However, if appropriately cared for, these fish can live up to 5 years on average.
Their lifespan greatly depends on the conditions they are kept in, how well you feed them, and how stressful your aquarium environment is for them.
Typical Behavior of Ghost Glass Catfish
The Ghost Glass Catfish are generally known to be peaceful fish. They have a calm temperament and are not known to be aggressive or prone to nipping at other fish.
In their natural habitat, this species is usually found in groups that can number 100 or more, all facing the current in the same direction. They do not stray far from the group.
So, having a group of Ghost Glass Catfish in the aquarium can be beneficial for their well-being. It is generally recommended to keep them in groups of at least 6 or more individuals.
Keeping them in a group allows them to behave more naturally and reduces stress levels. They will feel more vulnerable and behave less actively and socially when kept in smaller groups or alone.
Generally, Ghost Glass Catfish are very calm and not active fish. They will not dart around the tank instead they usually gather together in a tight-knit group around their favorite spot in the tank, minding their own business and not disrupting the movement of other fish.
They also do not exhibit typical catfish behaviors – they don’t dig or uproot what they can.
Ghost Glass Catfish are more active in the dark. However, in the daytime, they are very shy and skittish, especially, in the beginning. Once they are scared, they scatter and then return to schooling. They often hide in the plants or stay behind the driftwood and rarely come out unless it is a feeding time.
Note: Stressed fish may lose its transparent camouflage and become opaque.
At the same time, once accustomed to the aquarium conditions, when kept in a suitable group, their calm behavior can quickly change to highly active during feeding time.
Placement in Tank:
Ghost Glass Catfish usually stay in the top and middle areas of the tank.
- Social: Yes
- Activity: Low
- Placement: Top and middle dwellers
- Peaceful: Yes
- Nippers: No
- Jumpers: Yes
Feeding Ghost Glass Catfish
In the wild, this fish is a micropredator that feeds on small invertebrates and other types of zooplankton.
Like many catfishes, K.vitreolus is not picky when it comes to feeding and readily accepts
most foods given to aquarium fishes
In an aquarium, they will usually accept food of all kinds (live, dry, or freeze-dried) as long as it is adapted to their mouth size. A varied and balanced diet is always recommended.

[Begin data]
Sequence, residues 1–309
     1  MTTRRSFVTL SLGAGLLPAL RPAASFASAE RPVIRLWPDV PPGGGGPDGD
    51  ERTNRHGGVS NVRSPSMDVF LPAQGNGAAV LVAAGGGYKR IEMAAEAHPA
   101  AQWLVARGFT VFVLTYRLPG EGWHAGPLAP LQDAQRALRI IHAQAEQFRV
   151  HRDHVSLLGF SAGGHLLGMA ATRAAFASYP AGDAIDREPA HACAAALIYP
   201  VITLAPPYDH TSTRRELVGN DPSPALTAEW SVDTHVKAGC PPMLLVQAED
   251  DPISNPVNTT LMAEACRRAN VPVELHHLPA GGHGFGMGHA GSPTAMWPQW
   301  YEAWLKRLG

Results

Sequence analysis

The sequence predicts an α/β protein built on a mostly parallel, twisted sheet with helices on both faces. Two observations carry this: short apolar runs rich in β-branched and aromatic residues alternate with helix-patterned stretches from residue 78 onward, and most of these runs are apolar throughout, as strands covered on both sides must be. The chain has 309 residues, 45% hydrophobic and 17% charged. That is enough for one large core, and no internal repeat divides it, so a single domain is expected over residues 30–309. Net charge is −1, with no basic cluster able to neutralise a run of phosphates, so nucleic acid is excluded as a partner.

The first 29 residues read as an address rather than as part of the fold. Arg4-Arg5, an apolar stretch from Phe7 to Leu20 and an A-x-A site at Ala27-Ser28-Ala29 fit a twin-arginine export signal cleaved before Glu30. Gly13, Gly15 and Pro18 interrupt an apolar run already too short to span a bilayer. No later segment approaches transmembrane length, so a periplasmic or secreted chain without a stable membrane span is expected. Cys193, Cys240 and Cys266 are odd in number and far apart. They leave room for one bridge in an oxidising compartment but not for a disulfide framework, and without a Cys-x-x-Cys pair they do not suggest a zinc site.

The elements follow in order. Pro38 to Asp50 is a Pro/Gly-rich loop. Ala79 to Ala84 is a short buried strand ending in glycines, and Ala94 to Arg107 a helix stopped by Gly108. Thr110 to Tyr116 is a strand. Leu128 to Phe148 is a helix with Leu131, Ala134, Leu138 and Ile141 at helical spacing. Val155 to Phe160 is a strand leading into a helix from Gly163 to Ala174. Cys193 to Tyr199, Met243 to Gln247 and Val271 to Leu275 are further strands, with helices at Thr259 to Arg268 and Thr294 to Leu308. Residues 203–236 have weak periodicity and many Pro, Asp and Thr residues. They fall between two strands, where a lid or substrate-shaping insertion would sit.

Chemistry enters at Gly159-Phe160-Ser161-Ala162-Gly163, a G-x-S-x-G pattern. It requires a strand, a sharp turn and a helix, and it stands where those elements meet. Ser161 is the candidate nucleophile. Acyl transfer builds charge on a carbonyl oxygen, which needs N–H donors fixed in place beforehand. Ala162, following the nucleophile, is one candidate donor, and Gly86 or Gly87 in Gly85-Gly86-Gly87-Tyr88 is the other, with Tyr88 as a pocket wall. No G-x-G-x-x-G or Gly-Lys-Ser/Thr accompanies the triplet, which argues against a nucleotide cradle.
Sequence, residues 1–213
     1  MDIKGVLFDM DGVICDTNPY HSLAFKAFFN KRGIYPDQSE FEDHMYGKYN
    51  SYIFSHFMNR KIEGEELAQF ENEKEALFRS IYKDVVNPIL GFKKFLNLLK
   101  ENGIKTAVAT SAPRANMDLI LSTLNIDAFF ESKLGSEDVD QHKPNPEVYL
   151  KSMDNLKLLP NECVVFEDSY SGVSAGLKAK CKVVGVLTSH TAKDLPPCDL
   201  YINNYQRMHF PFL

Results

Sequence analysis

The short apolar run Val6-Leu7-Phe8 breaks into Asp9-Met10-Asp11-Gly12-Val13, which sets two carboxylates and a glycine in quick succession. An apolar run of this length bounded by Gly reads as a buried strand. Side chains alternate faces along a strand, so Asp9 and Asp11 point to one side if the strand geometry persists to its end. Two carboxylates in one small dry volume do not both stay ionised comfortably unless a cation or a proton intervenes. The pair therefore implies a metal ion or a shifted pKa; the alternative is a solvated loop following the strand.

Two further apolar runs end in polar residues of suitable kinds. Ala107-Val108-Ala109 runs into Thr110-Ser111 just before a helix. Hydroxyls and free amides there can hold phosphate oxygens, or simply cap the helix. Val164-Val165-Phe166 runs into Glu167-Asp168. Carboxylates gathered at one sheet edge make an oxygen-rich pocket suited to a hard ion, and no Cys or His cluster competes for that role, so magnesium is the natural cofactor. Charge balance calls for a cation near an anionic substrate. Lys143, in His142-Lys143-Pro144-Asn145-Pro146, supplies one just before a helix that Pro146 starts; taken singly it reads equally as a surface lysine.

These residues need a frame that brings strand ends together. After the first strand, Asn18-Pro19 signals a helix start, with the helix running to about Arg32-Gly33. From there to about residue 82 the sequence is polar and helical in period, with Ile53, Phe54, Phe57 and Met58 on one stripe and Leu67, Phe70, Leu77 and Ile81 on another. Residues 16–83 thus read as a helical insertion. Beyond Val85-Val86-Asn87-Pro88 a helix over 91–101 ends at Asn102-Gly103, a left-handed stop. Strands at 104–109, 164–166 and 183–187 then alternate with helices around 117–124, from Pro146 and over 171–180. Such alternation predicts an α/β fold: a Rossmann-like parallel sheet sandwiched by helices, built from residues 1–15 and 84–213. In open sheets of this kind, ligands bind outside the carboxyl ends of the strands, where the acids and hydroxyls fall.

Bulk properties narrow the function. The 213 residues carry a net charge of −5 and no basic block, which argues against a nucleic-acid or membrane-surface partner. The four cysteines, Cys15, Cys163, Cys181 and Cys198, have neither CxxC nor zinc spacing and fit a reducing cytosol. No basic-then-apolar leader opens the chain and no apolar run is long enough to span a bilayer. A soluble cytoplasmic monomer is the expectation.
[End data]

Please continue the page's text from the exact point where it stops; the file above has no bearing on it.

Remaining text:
Ghost Glass Catfish are not picky eaters, they will eat live food:
- brine shrimp (artemia salina),
- artemia nauplii,
- fruit flies,
- mosquito larvae,
- detritus worms
- vinegar eels,
- grindal worms, etc.
They also accept frozen and commercial food as well, such as (links to Amazon):
- Fluval bug bites,
- Hikari first bites,
- TetraMin Crisps,
- any kind of really small crushed-up tiny flake food.
Some Feeding Tips:
Although Ghost Glass Catfish can adapt to feeding during the day, observation of their behavior has shown that these fish become more active during the dark hours. Therefore, an ideal approach would be to feed them at least in the late evening. This is their time.
Use the «five-minute rule». They are not prone to gluttony and quickly satisfy their appetite.
The main drawback of this feeding habit is that any food that falls to the bottom is rarely picked by them. Thus, if there is no cleaning crew (such as snails or shrimp) it can lead to ammonia, nitrite, and nitrate buildup in the tank. So, do not forget to regularly clean the substrate.
- Diet Type: Omnivore
- Food Preference: Meat
- Feeding Frequency: Daily
Are Ghost Glass Catfish Plants Safe?
Yes, Ghost Glass Catfish are completely plant safe. They will not eat any healthy plants in the tank. This specie does not eat living plant material.
Keeping and Caring for Ghost Glass Catfish
To keep Ghost Glass Catfish healthy and happy, we need to understand their requirements and mimic their natural habitat. Stress will significantly reduce their lifespan.
So, it is still recommended to refrain from introducing them as the first occupants immediately after completing the aquarium cycling process. Wait for at least a couple of weeks until the balance is completely established.
The small size and relatively passive behavior of this fish should not mislead you when choosing a tank size for them.
Ghost Glass Catfish require a large tank, and there are a couple of important reasons for that, such as:
- it is easier to maintain water balance and parameters in larger aquariums.
- it is crucial to provide both hiding places and open areas without vegetation, driftwood, or other decorations for these fish.
Therefore, for a small group of 6-8 fish, you will need at least a 20-gallon (80 liters) tank. One Ghost Glass Catfish for every 2 – 3 gallons.
Important: Ghost Glass Catfish are jumpers! So, it is imperative to take measures, for example: using a tank cover, lowering the water level, and using floating plants, which is essential to ensure their safety.
Temperature: Ghost Glass Catfish prefer water temperatures ranging between 72 to 79°F (22°C to 26°C).
pH: The ideal pH range is 6.5 to 8.0.
Hardness: The recommended general hardness (GH) range for these fish is 3 to 15 dGH. The recommended carbonate hardness (KH) range is 2 to 10 dKH.
Ammonia, Nitrite, Nitrate: It is important to maintain the ammonia, nitrite, and nitrate levels at 0 ppm, 0 ppm, and below 40 ppm, respectively.
Monitor the water parameters regularly and do water changes every week.